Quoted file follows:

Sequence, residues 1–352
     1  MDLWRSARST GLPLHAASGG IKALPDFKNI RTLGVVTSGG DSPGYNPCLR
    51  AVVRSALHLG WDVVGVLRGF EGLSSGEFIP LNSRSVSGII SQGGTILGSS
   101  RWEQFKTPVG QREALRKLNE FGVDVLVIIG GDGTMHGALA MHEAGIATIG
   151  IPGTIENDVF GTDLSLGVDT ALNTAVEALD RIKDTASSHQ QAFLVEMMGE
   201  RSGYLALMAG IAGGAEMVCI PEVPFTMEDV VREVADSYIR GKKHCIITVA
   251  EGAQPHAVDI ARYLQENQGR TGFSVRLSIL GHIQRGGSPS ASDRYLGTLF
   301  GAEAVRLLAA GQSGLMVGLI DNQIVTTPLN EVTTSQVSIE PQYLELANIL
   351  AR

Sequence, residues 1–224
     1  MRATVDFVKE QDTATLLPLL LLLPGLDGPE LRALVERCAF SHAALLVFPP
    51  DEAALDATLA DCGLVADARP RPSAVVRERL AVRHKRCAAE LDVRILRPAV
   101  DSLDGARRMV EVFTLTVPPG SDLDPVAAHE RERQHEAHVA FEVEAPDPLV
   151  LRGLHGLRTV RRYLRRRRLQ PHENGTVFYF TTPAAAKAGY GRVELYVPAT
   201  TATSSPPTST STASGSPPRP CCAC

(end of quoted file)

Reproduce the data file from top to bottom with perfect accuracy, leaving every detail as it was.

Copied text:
Sequence, residues 1–352
     1  MDLWRSARST GLPLHAASGG IKALPDFKNI RTLGVVTSGG DSPGYNPCLR
    51  AVVRSALHLG WDVVGVLRGF EGLSSGEFIP LNSRSVSGII SQGGTILGSS
   101  RWEQFKTPVG QREALRKLNE FGVDVLVIIG GDGTMHGALA MHEAGIATIG
   151  IPGTIENDVF GTDLSLGVDT ALNTAVEALD RIKDTASSHQ QAFLVEMMGE
   201  RSGYLALMAG IAGGAEMVCI PEVPFTMEDV VREVADSYIR GKKHCIITVA
   251  EGAQPHAVDI ARYLQENQGR TGFSVRLSIL GHIQRGGSPS ASDRYLGTLF
   301  GAEAVRLLAA GQSGLMVGLI DNQIVTTPLN EVTTSQVSIE PQYLELANIL
   351  AR

Sequence, residues 1–224
     1  MRATVDFVKE QDTATLLPLL LLLPGLDGPE LRALVERCAF SHAALLVFPP
    51  DEAALDATLA DCGLVADARP RPSAVVRERL AVRHKRCAAE LDVRILRPAV
   101  DSLDGARRMV EVFTLTVPPG SDLDPVAAHE RERQHEAHVA FEVEAPDPLV
   151  LRGLHGLRTV RRYLRRRRLQ PHENGTVFYF TTPAAAKAGY GRVELYVPAT
   201  TATSSPPTST STASGSPPRP CCAC